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Situated in central Europe, Slovakia is an up-and-coming tourist destination that lures travellers from around the world with its rugged mountainous scenery, rich architectural history and, perhaps notably, its very competitive prices.
The centre for Slovakia's arts and culture is the capital city of Bratislava, which boasts many museums, art galleries, palaces and ornamental churches in and around its historic Old Town district.
The Tatra Mountains are a popular destination year round, offering skiing in winter and hiking and climbing in summer. The country also boasts a number of mineral springs and natural spas that cater for health-conscious tourists looking to relax and unwind.
Scattered among the hills and valleys of the lowlands are numerous fortified castles, relics from the Middle Ages that were built near hamlets and major roads for protection from invaders. Also among the country's greatest architectural treasures are the ancient wooden churches in northeast Slovakia. Still functioning as religious buildings today, these are unique in their construction in that they were built without nails.
Slovakia became an independent nation in 1993 when Czechoslovakia split into the Czech and Slovak Republics. The Czech Republic went on to revel in the glory of its capital city, Prague, which has become one of the must-see cities in Europe, while Slovakia's quiet charms have remained relatively unexplored.
Nowadays, the beautiful scenery, ski resorts, historic towns, and easy access from the rest of Europe mean that more and more travellers are starting to wake up to Slovakia's various and well-priced delights.
Home to incredible natural beauty and a rich, storied history, visitors will love what Slovakia has to offer. Nature enthusiasts should make a beeline for the High Tatras, which boast gorgeous, unspoilt mountainscapes with lakes and waterfalls aplenty. One of the best starting points for hikes is Štrbské Pleso, where walking trails access the lovely Skok Waterfalls.
An alternative to the High Tatras National Park, the Slovak Paradise National Park in the east of the country is also a superb hiking destination and invites visitors to explore the magical forests and valleys of Slovakia.
In addition to glorious natural resources, Slovakia is home to many ancient castles and romantic ruins, which are well preserved and still in use. The most popular with tourists include Spiš Castle, a UNESCO-listed ruin and one of the biggest castles in Europe; Bratislava Castle, looming above the capital city; and Devín Castle, said to be more than 5,000 years old.
Slovakia is renowned for its rich folkloric traditions and well-preserved architecture, with Bratislava's Old Town home to many historic buildings and a number of interesting skanzens, open-air museum villages, scattered around the country.
The UNESCO-listed town of Vlkolínec boasts the best wooden folk architecture in the country, while the Východná Folk Festival, held annually in July in the village of Východná, is said to be one of the best folk music and dance festivals in the world.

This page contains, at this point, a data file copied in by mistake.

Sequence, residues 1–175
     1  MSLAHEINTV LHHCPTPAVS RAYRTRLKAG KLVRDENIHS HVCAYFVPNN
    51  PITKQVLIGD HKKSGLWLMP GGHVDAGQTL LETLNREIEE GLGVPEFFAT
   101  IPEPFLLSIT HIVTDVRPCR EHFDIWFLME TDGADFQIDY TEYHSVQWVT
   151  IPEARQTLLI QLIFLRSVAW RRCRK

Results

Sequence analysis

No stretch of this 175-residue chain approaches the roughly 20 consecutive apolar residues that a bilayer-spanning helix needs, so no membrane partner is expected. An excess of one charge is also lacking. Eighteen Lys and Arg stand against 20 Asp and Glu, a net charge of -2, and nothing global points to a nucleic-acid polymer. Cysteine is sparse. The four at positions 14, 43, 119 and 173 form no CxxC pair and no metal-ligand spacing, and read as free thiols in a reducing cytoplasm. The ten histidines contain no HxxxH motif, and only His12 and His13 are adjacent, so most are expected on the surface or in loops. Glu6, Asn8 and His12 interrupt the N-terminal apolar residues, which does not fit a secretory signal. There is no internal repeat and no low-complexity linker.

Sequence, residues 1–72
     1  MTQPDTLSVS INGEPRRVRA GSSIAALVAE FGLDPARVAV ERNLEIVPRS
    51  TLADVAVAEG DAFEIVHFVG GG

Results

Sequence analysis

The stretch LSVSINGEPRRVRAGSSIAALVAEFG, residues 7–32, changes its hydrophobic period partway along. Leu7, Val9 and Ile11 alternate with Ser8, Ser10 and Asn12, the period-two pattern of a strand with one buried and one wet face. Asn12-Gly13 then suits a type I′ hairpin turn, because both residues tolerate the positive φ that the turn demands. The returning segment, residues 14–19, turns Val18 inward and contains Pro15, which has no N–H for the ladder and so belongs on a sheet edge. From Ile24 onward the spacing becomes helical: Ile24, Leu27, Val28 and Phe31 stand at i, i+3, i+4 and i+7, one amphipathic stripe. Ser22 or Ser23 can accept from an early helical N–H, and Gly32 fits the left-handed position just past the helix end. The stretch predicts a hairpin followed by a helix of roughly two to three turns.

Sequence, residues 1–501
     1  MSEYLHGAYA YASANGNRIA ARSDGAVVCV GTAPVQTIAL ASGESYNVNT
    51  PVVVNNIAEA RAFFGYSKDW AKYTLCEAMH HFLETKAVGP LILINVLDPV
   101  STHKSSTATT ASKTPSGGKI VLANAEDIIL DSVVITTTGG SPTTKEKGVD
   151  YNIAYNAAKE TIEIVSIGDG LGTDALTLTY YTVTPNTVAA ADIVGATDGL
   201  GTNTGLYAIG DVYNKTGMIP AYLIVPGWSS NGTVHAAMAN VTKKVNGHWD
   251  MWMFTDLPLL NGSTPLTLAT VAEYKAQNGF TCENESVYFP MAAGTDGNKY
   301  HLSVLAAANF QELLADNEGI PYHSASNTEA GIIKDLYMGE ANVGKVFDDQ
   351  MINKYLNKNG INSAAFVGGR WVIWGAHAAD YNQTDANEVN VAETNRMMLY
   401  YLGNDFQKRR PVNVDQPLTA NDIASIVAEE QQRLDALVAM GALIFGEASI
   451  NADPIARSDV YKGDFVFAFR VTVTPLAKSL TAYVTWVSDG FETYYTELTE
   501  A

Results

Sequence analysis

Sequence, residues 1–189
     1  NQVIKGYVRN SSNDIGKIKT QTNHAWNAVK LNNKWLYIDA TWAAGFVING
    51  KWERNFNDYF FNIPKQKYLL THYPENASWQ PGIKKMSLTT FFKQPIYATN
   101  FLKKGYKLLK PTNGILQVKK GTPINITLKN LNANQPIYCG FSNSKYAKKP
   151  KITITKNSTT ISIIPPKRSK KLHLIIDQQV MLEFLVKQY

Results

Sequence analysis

Standing sentinel on a rocky hill above the Danube River, the white castle is the towering gem in the crown of Bratislava's spectacular skyline, and provides excellent views of the ancient city, as well as over Austria and even as far as Hungary when the weather allows. It has been inhabited for thousands of years owing to its important location on the Danube River in central Europe, and has been destroyed and rebuilt several times in its history, undergoing a series of reconstructions and extensions. Four towers make up the enormous building, enclosing a courtyard, a Treasure Chamber, and collections of the Slovak National Museum.
Located just an hour's drive north of Bratislava, Piestany is Slovakia's premier spa resort town and a great place to go for tourists looking to relax and rejuvenate in style. The range and quality of treatment available in Piestany is world class, though its relative obscurity means it's far more affordable and unfrequented than similar spa towns in more popular areas around the continent.
Piestany is situated in the beautiful, forested region of the Vah River Valley and is fringed by mountains to the north. The spas are the town's main attractions, catering to mostly foreign patients with chronic rheumatic and arthritic diseases. In the summer, tourists arrive looking for mud therapy, massages and even dietary advice.
The town offers a range of accommodation and resort amenities, such as a nine-hole golf course, Jacuzzis and steam baths. Other sights and attractions include a 13th-century monastery and a number of great walking and hiking trails.
During summer, Piestany hosts a popular arts festival as well as celebrations of country- and folk music. Budget-conscious travellers looking to spend some time in a top-class European spa resort should seriously consider Piestany, which, like the rest of Slovakia, is an unassuming gem of a European holiday destination.
Set in the heart of Bratislava's historic city centre, the Old Town Hall is the perfect jumping-off point for sightseeing in Slovakia's capital city. Its Gothic tower is the oldest stone building in the downtown area, and was erected in 1370, before the rest of the building was completed in the 15th century by joining three adjacent townhouses together.
A distinctive building with its colourful roof, it now principally functions as the home of the Bratislava City Museum. The museum is small but certainly worth a look, housing a collection of strange and unsettling artefacts: torture instruments, the old town dungeons, antique weapons and armour, and even a cannon ball that was shot into the wall by Napoleon's forces in 1809.